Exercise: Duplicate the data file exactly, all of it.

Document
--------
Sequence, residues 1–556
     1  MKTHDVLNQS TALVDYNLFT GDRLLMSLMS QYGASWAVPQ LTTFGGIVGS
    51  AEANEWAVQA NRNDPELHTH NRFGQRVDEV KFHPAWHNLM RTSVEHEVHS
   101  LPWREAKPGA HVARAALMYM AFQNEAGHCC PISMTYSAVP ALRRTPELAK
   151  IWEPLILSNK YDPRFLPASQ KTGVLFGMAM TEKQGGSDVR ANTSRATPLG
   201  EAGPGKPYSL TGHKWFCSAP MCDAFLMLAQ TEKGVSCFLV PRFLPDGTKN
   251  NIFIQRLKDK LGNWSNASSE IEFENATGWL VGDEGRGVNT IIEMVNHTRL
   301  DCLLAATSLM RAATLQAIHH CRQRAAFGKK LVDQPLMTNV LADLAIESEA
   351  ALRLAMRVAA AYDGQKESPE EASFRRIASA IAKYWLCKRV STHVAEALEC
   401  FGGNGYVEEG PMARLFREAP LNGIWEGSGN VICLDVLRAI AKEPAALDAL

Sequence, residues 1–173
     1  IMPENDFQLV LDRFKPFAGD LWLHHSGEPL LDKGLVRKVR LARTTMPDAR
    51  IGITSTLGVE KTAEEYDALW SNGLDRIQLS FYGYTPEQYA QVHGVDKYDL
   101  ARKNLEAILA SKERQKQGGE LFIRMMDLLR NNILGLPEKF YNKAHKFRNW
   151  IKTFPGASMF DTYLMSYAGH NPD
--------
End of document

Sequence, residues 1–556
     1  MKTHDVLNQS TALVDYNLFT GDRLLMSLMS QYGASWAVPQ LTTFGGIVGS
    51  AEANEWAVQA NRNDPELHTH NRFGQRVDEV KFHPAWHNLM RTSVEHEVHS
   101  LPWREAKPGA HVARAALMYM AFQNEAGHCC PISMTYSAVP ALRRTPELAK
   151  IWEPLILSNK YDPRFLPASQ KTGVLFGMAM TEKQGGSDVR ANTSRATPLG
   201  EAGPGKPYSL TGHKWFCSAP MCDAFLMLAQ TEKGVSCFLV PRFLPDGTKN
   251  NIFIQRLKDK LGNWSNASSE IEFENATGWL VGDEGRGVNT IIEMVNHTRL
   301  DCLLAATSLM RAATLQAIHH CRQRAAFGKK LVDQPLMTNV LADLAIESEA
   351  ALRLAMRVAA AYDGQKESPE EASFRRIASA IAKYWLCKRV STHVAEALEC
   401  FGGNGYVEEG PMARLFREAP LNGIWEGSGN VICLDVLRAI AKEPAALDAL

Sequence, residues 1–173
     1  IMPENDFQLV LDRFKPFAGD LWLHHSGEPL LDKGLVRKVR LARTTMPDAR
    51  IGITSTLGVE KTAEEYDALW SNGLDRIQLS FYGYTPEQYA QVHGVDKYDL
   101  ARKNLEAILA SKERQKQGGE LFIRMMDLLR NNILGLPEKF YNKAHKFRNW
   151  IKTFPGASMF DTYLMSYAGH NPD